MANILA — “The Covid-19 pandemic has hurt the economy, especially the transport sector. The community quarantines and physical distancing regulations that help protect lives inadvertently reduced transport supply and resulted in public transport shortages,” acting Socio-economic Planning Secretary Karl Kendrick Chua said in a forum.
Promoting cycling and building protected bike lanes can augment public transportation and help people safely get to work during the coronavirus disease 2019 (Covid-19) pandemic, the National Economic and Development Authority (NEDA) said.
The land transport sector contracted 30.7 percent in 2020, thrice worse than overall gross domestic product (GDP) data from the Philippine Statistics Authority (PSA) indicate.
Chua said a sharp contraction in transportation can significantly bring down the rest of the economy amid its large economic linkages.
Reduced vehicle capacities have also led to a land transport shortage that led to a spike in passenger road transport inflation from 2.6 percent in 2019 to 9.6 percent in 2020.
“As we learn to live with the virus, improving mobility access in the country is crucial in jump-starting the economy. In the Greater Manila area, only 12.5 percent of households own private cars. Meanwhile, the rest cannot go to work because of limited public transportation.
“Promoting cycling and other modes of active transportation will provide safe, healthy, and affordable means of participating in the economy,” Chua reiterated.
Meanwhile, the Bureau of Customs says bicycle imports has increased from 1 million to 2.1 million units or 112 percent from 2019 to 2020, an indication that more people are choose cycling as their new mode of transport.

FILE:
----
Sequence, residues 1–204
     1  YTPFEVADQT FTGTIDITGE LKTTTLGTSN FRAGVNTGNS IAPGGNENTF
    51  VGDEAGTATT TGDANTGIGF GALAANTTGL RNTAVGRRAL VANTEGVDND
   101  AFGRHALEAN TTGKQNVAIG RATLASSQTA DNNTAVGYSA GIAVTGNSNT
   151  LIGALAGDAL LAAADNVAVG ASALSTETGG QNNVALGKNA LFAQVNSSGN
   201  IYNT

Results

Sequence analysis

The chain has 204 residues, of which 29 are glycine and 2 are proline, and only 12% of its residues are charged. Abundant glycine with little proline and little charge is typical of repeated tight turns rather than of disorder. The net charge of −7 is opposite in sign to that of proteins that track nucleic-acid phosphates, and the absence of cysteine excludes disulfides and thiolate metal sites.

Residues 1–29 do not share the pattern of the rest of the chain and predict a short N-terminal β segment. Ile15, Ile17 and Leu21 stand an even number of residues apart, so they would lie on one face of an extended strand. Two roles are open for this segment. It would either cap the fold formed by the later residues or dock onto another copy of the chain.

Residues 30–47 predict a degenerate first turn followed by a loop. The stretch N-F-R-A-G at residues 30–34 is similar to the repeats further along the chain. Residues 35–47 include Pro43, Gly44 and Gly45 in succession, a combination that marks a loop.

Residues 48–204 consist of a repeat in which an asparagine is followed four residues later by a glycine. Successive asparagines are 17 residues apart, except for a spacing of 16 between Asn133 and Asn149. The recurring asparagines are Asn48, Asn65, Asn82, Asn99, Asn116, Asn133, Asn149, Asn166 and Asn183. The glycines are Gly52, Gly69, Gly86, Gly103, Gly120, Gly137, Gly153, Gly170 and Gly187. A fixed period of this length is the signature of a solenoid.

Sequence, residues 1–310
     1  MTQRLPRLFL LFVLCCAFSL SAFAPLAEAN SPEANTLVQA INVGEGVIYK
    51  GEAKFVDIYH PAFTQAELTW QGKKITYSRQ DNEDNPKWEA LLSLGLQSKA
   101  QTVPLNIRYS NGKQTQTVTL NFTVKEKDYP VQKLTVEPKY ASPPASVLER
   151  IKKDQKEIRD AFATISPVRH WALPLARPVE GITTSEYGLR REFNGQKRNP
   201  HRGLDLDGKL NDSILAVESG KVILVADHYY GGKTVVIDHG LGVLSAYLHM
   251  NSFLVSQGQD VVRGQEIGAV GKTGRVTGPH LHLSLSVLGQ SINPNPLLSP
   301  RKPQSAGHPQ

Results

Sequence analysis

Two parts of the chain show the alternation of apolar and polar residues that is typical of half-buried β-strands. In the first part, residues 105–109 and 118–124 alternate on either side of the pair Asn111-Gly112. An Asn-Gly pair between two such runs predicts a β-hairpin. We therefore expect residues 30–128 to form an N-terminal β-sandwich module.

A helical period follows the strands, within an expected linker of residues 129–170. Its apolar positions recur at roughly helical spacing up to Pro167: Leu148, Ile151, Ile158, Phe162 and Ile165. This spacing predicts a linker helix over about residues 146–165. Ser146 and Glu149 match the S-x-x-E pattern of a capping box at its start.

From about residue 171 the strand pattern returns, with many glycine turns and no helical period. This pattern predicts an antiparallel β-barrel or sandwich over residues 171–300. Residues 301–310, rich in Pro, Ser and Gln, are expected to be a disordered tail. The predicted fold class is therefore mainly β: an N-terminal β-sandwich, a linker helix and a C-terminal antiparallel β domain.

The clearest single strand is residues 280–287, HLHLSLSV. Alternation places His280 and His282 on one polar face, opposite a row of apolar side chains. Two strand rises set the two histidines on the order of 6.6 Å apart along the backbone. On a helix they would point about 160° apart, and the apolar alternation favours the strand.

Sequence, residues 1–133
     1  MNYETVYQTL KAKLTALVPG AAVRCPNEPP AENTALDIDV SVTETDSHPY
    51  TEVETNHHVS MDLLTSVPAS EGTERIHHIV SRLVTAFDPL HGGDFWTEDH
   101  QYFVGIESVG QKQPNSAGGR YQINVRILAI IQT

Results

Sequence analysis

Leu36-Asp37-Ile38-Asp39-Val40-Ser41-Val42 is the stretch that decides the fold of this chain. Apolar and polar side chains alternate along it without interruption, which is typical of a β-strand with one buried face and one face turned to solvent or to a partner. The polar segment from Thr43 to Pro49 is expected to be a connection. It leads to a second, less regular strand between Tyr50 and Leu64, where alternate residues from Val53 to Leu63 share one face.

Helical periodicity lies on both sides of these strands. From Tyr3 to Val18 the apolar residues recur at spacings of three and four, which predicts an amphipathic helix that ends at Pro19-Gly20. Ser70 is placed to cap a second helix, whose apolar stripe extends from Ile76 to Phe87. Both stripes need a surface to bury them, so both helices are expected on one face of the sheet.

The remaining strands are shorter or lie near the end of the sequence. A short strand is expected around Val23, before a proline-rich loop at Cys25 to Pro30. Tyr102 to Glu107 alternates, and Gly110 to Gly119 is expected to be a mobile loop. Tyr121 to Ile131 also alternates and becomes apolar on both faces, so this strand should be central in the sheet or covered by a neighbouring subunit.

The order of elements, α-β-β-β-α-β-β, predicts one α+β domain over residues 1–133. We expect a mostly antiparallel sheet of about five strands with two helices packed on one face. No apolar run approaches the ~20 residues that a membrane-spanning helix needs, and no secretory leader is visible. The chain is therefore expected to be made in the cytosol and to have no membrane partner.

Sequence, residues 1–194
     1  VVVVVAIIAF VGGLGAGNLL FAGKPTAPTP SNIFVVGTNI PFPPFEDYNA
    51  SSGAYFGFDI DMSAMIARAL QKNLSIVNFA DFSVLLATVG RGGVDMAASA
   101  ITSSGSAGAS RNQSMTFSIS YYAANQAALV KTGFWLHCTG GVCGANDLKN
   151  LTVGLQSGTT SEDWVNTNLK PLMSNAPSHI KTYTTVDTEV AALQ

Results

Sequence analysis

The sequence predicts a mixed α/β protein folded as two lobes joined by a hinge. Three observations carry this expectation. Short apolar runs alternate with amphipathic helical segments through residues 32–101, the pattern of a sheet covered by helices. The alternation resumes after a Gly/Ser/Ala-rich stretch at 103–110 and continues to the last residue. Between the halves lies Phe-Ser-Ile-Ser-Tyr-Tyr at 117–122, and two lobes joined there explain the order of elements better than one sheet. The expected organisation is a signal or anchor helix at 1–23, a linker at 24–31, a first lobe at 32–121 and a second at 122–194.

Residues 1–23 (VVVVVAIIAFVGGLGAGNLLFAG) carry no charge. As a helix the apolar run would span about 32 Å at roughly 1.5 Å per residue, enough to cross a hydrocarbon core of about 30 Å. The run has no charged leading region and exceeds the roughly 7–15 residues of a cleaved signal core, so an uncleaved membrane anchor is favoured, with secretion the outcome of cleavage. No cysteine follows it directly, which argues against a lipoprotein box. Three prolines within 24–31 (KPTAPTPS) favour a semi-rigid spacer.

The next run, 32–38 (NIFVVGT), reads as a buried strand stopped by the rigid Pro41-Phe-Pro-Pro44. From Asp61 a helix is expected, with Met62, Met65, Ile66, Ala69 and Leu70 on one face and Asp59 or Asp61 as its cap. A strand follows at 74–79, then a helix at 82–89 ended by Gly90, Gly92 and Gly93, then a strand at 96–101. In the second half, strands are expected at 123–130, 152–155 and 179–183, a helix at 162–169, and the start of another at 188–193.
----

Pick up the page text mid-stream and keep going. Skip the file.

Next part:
Research and studies also support this growing fad that, based on the 2020 data from Social Weather Stations and Department of Health (DOH), 87 percent of Filipinos agree that roads in cities will be better if public transportation, bikes, and pedestrians are prioritized.
Chua said NEDA supports the initiatives of Government agencies—health, transport, public works and highways, and the interior and local government— to work together to build protected bike lanes around the National Capital Region.
“We are one with the various national agencies and local government units in their concerted efforts to increase mobility of people as we carefully reopen the economy. The current bike lane design provides significant protection to the growing number of cyclists, myself included,” the NEDA chief added.
Promoting sustainable and inclusive mobility is in line with the National Transport Policy that encourages local government units and national agencies to give priority to development of proper sidewalks and networks of bicycle lanes.
“We are also inviting the private sector to contribute to this alternative transport movement by providing end-of-trip facilities such as bike parking spaces and shower areas for employees who bike or walk to work,” Chua said.
Companies are urged to explore provision of incentives and subsidies for cycling, similar to how some businesses provide car plans or shuttle services to employees. (JSM/JuanManila)